The mechanisms of detoxifying the human organism involve different organs, enzymes and chemical reactions.
The liver - directly connected to the intestine via portal veins and bile duct - is main organ for metabolizing toxic compounds. Source: pixabay
At all times the human body is exposed to foreign chemicals. They are in our food – derived from bith natural and artificial sources, but also in the water we drink and in the air we breathe, or we might take them as drugs. Many of those compounds are bioactive and/or toxic.
To survive this constant chemical storm, animals (including us) have developed a defence whose goal is to get rid of potentially dangerous foreign chemicals, the so-called xenobiotics (xeno=foreign, biotic=bio-active compound) by metabolizing and eliminating them. To understand the effect of a compound, you always have to understand its metabolism, which is therefore extremely important for both toxicological and pharmaceutical researchers.
Uptake and elimination
I will not go into detail on the different mechanisms at work here, as this would fill another post (some time maybe?). It should be said that uptake can happen via different organs, like the lungs, skin or different mucosa. But for now, let’s focus on the most important one: the intestine, or more specifically the colon.
As there are no active transport mechanisms for foreign chemicals, they have to diffuse through the cells of the gastrointestinal barrier in order to reach our blood stream. Cell membranes mainly consist of lipids. So to cross them, a compound needs to be quite lipophilic (“fat-loving”, i.e. it solves well in fat).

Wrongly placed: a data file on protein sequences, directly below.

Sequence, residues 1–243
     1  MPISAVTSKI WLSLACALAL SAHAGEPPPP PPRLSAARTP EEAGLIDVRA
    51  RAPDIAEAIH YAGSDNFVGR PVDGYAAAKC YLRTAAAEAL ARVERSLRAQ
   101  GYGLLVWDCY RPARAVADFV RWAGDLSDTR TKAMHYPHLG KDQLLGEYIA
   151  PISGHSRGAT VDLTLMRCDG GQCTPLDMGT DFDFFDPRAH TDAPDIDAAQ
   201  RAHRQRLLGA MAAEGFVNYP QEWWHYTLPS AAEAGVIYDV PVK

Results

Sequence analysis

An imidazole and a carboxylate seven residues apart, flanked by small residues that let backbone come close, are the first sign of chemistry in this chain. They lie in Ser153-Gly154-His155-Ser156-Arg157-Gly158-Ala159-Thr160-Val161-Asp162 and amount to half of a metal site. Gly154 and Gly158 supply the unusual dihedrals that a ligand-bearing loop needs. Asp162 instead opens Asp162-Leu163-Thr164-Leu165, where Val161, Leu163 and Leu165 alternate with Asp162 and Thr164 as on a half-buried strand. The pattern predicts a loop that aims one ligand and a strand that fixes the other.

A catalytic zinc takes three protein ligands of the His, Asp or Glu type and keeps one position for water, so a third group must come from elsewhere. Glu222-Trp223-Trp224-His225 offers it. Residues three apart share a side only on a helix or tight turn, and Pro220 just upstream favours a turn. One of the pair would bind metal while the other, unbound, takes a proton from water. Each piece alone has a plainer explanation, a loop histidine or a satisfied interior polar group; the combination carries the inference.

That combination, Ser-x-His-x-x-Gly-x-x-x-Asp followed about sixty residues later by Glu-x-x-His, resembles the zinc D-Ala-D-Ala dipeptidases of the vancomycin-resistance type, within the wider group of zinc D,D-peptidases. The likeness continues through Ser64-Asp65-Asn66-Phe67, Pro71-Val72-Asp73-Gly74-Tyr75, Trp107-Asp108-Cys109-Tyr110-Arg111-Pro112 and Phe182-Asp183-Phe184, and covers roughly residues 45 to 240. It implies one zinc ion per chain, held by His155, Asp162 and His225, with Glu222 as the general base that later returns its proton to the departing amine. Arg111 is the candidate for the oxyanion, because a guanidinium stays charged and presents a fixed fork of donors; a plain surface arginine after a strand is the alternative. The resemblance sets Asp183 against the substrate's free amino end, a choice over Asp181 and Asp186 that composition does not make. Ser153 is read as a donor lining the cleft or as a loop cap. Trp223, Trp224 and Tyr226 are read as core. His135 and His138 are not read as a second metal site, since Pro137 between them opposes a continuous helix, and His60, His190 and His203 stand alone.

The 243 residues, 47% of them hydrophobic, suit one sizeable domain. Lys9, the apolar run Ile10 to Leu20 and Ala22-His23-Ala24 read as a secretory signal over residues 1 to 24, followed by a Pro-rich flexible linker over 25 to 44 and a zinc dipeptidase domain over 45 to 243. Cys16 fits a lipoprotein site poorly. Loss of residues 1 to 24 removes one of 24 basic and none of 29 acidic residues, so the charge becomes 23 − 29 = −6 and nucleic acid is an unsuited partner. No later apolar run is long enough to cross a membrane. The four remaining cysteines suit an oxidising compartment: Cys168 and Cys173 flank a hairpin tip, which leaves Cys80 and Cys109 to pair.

That’s the main takeaway here: the more lipophilic a compound is, the better the uptake. Thus, while hydrophilic (“water-loving”) xenobiotics are not taken up very well and quickly excreted, lipophilic chemicals enter the portal veins that transport nutrients from the intestine to the liver and consequently deliver them to the blood circle that distributes them over the whole body.
Our body has two systems for cleaning unwanted compounds from the blood: the bile and the kidneys. The former is a secrete directly produced by the liver, the latter are organs filtering the blood. Both have a common problem: only hydrophilic compounds can be excreted. So without further modification, lipophilic xenobiotics would accumulate in our system and reach dangerous concentrations.
The goal of the xenobiotic metabolism is to make those compounds more soluble in water, so that bile and kidney are able to sort them out. This process is one of the main responsibilities of the liver.
a scematic view of the liver - yes, again! An overstatement? I think not. Source: pixabay
The metabolism: Phase 1 – Functionalization
In the first phase, the taken up compounds are functionalized. That means – chemically spoken – that enzymes are used to add functional groups to the molecules in order to make them susceptible for conjugation (read below: phase 2).